Grosvenor, Buckingham Palace Road, adjoining Victoria Station, a large hotel belonging to Gordon Hotels Ltd.; R. from 15/, B. 2/, L. 4/6 & 6/, D. 8/6, pens, from 27/6. Goring, 15 Ebury St., Grosvenor Gardens , modern, R. & bath from 17/6 suites from 84/, B. 2/6 & 4/, L. 4/6, D. 7/6, pens, from 30/. - Belgravia, Grosvenor Gardens, with restaurant - Rubens, 39-43 Buckingham Palace Road; R. & B. from 10/6, suites from 30/, B. 2/ & 3/6, L. 3/6, D. 6/6, pension from 22/6. - Wilton, Wilton Road, opposite Victoria Station, unpretending; R. & B., 9/6-12/6, L. 3/, D. 4/6.
HOTELS IN KNIGHTSBRIDGE AND BELGRAVIA.
Hyde Park, 66 Knightsbridge, a large first-class hotel, in a good situation. Alexandra, 29 & 31 Knightsbridge. Hans Crescent, 1 Hans Crescent ; R. from 15/, suites from 63/, B. 2/ & 4/, L. 5/, D. 7/6. Cadogan, 75 Sloane St. ; R. from 10/6, suites from 52/6, B. 2/6 & 4/, L. 4/6, D. 8/. - Knightsbridge, 163-169 Knightsbridge; R., B., & bath from 13/6, L. 4/6, D. 6/6, pens, from 22/6. - Basil Street, private, at the corner of Basil St. and Sloane St. - Royal Court, 8-10 Sloane Square ; R. & bath, 10/6, B. 3/6, L. 4/, D. 6/6, pension, from 19/.
HOTELS IN KENSINGTON.
Royal Palace, 6 Kensington High St., overlooking Kensington Gardens, with the Empress Rooms for balls, etc.; R. from 8/6, suites from 55/, pens, from 23/6. - Bailey's, 84 Gloucester Road, adjoining the District Railway Station ; R., B., & bath from 12/6, L. 4/, D. 6/6, pens, from 20/. -South Kensington, at the corner of Queen's Gate Terrace and Gloucester Road, frequented by Australians; R. & B. 9/6, L. 4/, D. 6/, pens, from 18/6.
Most of the following are private hotels: De Vere, 1-5 De Vere Gardens . - British Empire, 28 De Vere Gardens; pens, from 5 guineas per week. - Prince of Wales, 16 De Vere Gardens; R., B., & bath from 8/6, D. 5/, pens, from 13/6. - Kensington Palace Mansion, 2-6 De Vere Gardens; R., B., & bath from 7/6, D. 6/6, pens, from 18/. - Rembrandt, Thurloe Place, opposite the Victoria and Albert Museum ; R from 10/6, L. 4/, D.6/6, pens, from 22/6. - Barkston Gardens, 36-44 Barkston Gardens, near Earl's Court Station ; R. & B. from 8/6, pens, from 4+ guineas per week. - Bolton Mansions, 11-14 West Bolton Gardens , R., B., & bath 8/6, pens, from 3+ guineas per week. - Milestone, 1 & 2 Kensington Court, new. - Regina, 17 Southwell Gardens, Queen's Gate; pens, from 3+ guineas per week. - Broadwalk, 9-13 De Vere Gardens; R., B., & bath from 8/6, L 3/, D. 5/, pens, from 13/6. - Imperial, 121 & 122 Queen's Gate. - Vandyke, 47-55 Cromwell Road; R. from 9/6, L. 3/6, D. 6/, pens, from 18/. - Central, Stuart, Worcester House, Nos. 123, 161, and 127 Cromwell Roadied - Rutland, 29 De Vere Gardens. - Queen's Court, 25 & 27 Earl's Court Square.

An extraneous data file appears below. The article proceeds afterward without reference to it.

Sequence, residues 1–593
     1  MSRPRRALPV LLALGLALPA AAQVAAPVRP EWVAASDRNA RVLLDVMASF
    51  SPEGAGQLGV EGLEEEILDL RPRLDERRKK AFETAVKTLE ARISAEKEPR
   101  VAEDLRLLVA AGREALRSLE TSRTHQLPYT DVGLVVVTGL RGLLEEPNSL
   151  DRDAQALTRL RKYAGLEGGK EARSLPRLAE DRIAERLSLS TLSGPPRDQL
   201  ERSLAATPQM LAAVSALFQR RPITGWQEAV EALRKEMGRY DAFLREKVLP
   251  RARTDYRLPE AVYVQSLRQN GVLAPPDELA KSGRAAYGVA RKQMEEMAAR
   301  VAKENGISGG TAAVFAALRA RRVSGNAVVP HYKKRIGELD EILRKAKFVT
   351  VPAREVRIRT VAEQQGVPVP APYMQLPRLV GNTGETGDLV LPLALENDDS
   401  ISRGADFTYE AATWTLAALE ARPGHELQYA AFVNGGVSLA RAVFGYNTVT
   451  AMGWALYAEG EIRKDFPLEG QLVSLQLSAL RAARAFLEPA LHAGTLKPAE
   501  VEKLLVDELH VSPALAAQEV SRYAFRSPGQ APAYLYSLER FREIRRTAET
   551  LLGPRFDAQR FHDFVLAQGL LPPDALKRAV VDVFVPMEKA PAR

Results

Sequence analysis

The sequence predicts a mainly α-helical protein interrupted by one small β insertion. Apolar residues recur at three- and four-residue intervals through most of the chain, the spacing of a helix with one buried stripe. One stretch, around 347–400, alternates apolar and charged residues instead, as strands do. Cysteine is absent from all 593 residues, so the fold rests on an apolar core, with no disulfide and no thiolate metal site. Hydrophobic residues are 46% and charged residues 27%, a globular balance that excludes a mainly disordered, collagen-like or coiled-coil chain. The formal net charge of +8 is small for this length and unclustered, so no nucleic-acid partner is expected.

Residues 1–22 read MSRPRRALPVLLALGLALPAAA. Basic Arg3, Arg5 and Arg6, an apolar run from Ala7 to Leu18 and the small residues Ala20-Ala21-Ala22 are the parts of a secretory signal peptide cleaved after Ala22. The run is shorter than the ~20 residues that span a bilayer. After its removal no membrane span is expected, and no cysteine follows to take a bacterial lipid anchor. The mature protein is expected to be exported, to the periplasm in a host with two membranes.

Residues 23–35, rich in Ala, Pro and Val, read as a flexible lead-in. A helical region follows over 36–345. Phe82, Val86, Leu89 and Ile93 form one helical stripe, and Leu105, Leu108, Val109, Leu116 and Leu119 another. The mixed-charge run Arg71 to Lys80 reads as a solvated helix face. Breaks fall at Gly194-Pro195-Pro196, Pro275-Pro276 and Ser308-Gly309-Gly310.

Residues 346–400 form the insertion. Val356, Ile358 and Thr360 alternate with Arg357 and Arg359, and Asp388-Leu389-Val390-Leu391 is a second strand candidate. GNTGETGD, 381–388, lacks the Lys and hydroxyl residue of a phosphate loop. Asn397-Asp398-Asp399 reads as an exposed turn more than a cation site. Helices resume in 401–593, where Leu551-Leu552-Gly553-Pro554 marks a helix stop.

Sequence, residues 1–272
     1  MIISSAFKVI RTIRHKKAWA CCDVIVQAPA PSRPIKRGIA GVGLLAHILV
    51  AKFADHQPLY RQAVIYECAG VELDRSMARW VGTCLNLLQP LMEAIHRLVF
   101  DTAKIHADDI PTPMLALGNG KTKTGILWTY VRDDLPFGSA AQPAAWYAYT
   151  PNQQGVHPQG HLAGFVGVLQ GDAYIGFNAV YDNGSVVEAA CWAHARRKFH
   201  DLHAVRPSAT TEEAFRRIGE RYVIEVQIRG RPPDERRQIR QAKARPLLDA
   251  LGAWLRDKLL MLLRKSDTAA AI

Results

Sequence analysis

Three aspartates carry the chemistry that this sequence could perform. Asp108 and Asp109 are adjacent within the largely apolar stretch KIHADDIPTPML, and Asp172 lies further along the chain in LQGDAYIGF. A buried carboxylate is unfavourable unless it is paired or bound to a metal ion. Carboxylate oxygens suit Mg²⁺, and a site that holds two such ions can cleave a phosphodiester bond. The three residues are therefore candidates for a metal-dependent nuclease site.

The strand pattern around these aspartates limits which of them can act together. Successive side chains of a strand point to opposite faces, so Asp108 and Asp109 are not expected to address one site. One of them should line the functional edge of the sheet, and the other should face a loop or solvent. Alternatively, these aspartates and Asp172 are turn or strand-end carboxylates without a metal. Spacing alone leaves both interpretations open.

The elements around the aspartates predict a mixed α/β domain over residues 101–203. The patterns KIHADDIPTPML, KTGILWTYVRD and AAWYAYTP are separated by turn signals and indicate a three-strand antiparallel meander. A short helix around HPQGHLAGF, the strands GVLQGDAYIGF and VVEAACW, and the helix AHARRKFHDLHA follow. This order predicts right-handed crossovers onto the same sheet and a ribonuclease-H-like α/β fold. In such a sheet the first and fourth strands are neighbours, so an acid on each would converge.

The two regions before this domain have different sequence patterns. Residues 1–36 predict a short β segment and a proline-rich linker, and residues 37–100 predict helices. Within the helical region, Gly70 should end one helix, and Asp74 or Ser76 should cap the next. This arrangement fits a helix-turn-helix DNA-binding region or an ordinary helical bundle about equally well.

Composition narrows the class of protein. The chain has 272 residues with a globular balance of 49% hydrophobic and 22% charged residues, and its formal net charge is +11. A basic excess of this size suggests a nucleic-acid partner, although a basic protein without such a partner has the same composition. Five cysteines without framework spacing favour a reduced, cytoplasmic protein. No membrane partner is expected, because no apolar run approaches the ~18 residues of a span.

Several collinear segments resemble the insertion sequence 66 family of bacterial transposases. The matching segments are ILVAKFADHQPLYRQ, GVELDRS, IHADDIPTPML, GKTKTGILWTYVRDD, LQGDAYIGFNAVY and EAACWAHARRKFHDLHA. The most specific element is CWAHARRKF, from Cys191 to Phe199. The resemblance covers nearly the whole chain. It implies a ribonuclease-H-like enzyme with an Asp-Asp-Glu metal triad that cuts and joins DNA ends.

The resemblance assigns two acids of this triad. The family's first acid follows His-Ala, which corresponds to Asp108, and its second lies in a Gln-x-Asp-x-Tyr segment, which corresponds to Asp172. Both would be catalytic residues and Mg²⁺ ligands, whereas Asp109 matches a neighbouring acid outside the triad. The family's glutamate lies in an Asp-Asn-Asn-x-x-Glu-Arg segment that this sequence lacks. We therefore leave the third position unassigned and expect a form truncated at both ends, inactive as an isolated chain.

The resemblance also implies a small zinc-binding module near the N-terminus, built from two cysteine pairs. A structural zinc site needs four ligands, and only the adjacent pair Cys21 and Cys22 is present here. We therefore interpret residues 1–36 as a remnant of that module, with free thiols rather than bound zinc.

HOTELS IN BLOOMSBURY AND NEIGHBOURHOOD.
Railway Hotels: *Midland Grand, at St. Pancras Station ; R from 10/6, B. 4/, L. 5/, D. 7/6. - Euston, at Euston Station ; R. from 7/6, B. 4/, L. 5/, D. 7/. -Great Northern, King's Cross Station ; R. from 7/6, B. 2/ & 4/6, L. 3/6 & 4/6, D. 6/.
Hotel Russell, Russell Square , a palatial building with winter-garden and restaurant; R. from 8/, B. 2/6 & 4/, L. 4/6, D. 6/6 & 8/6. Imperial, 61-65 Russell Square, another large hotel, with Turkish baths, winter-garden, etc.; R., B., & bath from 10/6 -Palace, Bloomsbury St. ; R., B., & bath from 10/6 L 3/ D. 4/. - Endsleigh, 15-22 Endsleigh Gardens ; R, B. & bath 7/9, pens. 52/6 per week. - County, 5-9 Upper Woburn Place ; R., B., & bath 8/6, pens. 52/6 per week.- First Avenue, 40-48 High Holborn, opposite Chancery Lane , reopened in 1926. - Berners, Berners St. ; R., B., & bath from 14/ L 3/6 D. 6/. - York, Berners St.; R., B., & bath from 10/6, L. 3/6, D 5/ pens 18/6. - Bedford, 83-87 & 91-95 Southampton Row a family hotel; R., B., & bath 8/6, L. 2/6, D. 4/. - National, 38-51 Upper Bedford Place ; R., B., L.2/6 D. 4/. - National, (no gratuities). - Royal, Woburn Place, now (1926) being built, with 1000 R. at popular prices. - Gwalia, 10 Upper Woburn Place ; R., B., & bath from 8/6, L. 3/, D. 4/6, pens, from 15/6. - Dean, 83-89 Oxford St., At the corner of Dean St. ; R., B., & bath from 8/6. - Grafton, 129 Tottenham Court Road ; R., B., & bath from 7/6, L, 3/, D, 4/. - White Hall, 9-ll Bloomsbury Square , with several other houses in the vicinity (e.g. 18-22. Montague St., with garden), a private hotel, pens, from 13).
HOTELS IN MARYLEBONE AND BAYSWATER. Hotel Great Central, at Marylebone Station, a large railway and family hotel, with restaurant, winter-garden, etc.; R. from 10/, suites from 32/6, L. 4/6, D.6/6. Langham, Portland Place , large and well situated, with roof-garden; R. from 12/6, L. 4/6, D. 7/6. -Great Western Royal Hotel, at Paddington Station ; R. from 8/, L. 3/6, D. 5/6. - Ford's, 13-16 Manchester St., an old-established house; R. from 7/, L. 3/6, D. 5/6, pens, from 5+ guineas per week. - Mandeville, 8-10 Mandeville Place . - Clifton, 47 Welbeck St. Pl. R 32, B 29, II). - Dysart, 21 Henrietta St. . - Somerset, Orchard St. , R., B., & bath from 10/6, L. 3/6, D. 5/. - Welbeck Palace, 57 Welbeck Street. - Wigmore, 119 Wigmore St. , with restaurant; R. & B. from 12/6. - Portland, 97 Great Portland St. . - Norland, Granville Place Oxford St. west; R. & B., from 8/6, L. 2/6, D. 4/. - Vancouver, 29 Prince's. Square , R. & B. from 5/6, pens, from 2+ guineas per week.